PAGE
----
Well, we’ve criminalized poverty to a degree. Right? We’ve said that to be poor is to be bad, is to be fundamentally flawed. It’s to choose things that are illegal or seditious. And that’s just not the case. Right? We understand more now. We have the books, whether we want to read them or not. We have the history, we have the data. And at this point, it’s about moral choices, so much more than it is about practical choices. Right? We know, economists will tell you, education is the number one factor in class mobility. From a Christ-centered perspective, we would say restorative justice is what God offers us, not retributive justice. And yet, and still, we participate in all these systems that do not bear the image of Christ. And so I think as Christ followers, it’s even more important for us to call these systems out and say, “This is not the world God is making. This is not the story of scripture.” And if we’re, if we want to be a people that disrupts and makes the world look more like heaven on earth, which is what we see in the kingdom, then we have to not just go with the flow, the status quo will not work any longer. And we have to speak about those things and learn about them, so that we can change them.

Latasha Morrison  32:59  

Because there are some incredibly hard working poor people in our communities. And I know, several of them, you know, some of them in my family. And I think that’s the same thing we see that when we look at other countries. You know? And I think is, you know, we’ll look at building a school and, you know, resources as it relates to other countries, but not thinking about our education system and the breakdown here within America. Like, there’s a way, I don’t feel like it’s an either or, I think it’s a both and. You know, that we can do both. And so that’s really important. I wanted you to tell me maybe a story of community transformation that is happening in the area with maybe a family or something that’s happened through your school, but just a story of transformation that’s happening.

Benjamin Wills  33:59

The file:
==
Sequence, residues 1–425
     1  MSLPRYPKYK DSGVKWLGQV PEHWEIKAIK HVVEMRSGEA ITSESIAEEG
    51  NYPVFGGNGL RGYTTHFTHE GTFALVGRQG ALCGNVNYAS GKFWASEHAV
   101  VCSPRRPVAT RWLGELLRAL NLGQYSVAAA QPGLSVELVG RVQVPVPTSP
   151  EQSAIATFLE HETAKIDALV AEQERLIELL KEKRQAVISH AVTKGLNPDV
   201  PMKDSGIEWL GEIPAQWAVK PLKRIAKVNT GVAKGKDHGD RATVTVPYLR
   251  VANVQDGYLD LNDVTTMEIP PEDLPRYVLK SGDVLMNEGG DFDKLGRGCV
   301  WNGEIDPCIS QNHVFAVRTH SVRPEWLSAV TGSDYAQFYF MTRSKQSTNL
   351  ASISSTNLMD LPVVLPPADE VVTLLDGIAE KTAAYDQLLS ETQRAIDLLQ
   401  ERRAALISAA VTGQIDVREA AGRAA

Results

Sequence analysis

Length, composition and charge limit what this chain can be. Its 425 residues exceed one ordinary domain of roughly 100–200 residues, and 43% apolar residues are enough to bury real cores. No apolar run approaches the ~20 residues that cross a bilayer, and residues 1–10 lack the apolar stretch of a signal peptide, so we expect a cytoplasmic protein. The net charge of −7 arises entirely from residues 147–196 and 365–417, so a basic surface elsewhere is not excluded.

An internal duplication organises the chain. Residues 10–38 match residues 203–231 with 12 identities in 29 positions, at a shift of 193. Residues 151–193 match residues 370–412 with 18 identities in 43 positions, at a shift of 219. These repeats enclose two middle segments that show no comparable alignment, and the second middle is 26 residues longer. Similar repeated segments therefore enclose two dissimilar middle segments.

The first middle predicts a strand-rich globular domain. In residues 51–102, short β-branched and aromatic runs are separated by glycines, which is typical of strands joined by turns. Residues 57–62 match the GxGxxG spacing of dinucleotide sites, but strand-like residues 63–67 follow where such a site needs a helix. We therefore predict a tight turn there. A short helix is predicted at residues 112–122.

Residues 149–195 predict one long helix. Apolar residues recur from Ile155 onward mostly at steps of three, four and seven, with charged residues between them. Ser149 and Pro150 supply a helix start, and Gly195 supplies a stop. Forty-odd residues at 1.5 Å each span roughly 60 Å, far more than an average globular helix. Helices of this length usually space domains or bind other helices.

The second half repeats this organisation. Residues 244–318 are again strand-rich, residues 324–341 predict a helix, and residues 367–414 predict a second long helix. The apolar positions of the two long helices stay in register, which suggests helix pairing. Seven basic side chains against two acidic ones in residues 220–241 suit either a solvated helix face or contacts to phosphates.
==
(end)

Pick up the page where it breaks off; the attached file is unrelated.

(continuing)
Yeah. I mean, I would say it’s, it’s so many kids, and it’s so many families. Right? I always tell people, it’s a miracle to walk through our halls and to see our kids and to see the joy that they offer and to see them learning to read and to see them learning to do the things that they’re able to do from the circumstances that we know they come. And so we see it every day. And I think in terms of specific kids and specific families, I would say the ones that have moved in to the housing that you described earlier. So about four years ago, we just said, if we want kids to be here for 13,14 years, right, pre-K through 12th grade, then we have to address the living conditions. And we have to create conditions in which people can stay. And so if our neighborhood changes, but we’re the property owners, then we can control rent prices and we control quality and we can really do something about this. And since we’ve developed to 32 units of living, we’ve seen about 10 families from the school move into those units. We’ve had staff move into those units. And it’s just created this incredible sense of community and flourishing and life and vitality. I moved to this community for the first time 15 years ago. And so I’ve kind of watched it for about 15 years just go through different stages where it was very depressing when there wasn’t life, where there weren’t people living, there weren’t kids playing outside. You didn’t hear the sound of children, you heard more gunshots and sirens and things like that. And I would say what we’re starting to see is that by addressing the physical condition, as well as the communal aspects of it by what a school gathers, you’re starting to see flourishing again. And it’s really beautiful. And those are things that we get to walk in and see daily. And so many of those families, either were couchsurfing before or living in substandard conditions, the sewage was running in their yard or there weren’t lights turned on or there was garbage piled up because the landlord’s weren’t taken care of those places. And so I think just to see that stability that’s been created. I think simple things we take for granted, like seeing kids get to walk to school, seeing kids get to play outside around the community in safe ways. I think all those things that we’re starting to see over the last seven years that we’ve been building the school have been just beautiful reminders. They’re almost like flowers that come in the spring, there’s just reminders of life, just reminders of cycles and seasons. And it’s just been a beautiful and miraculous thing to watch happen over time in our community.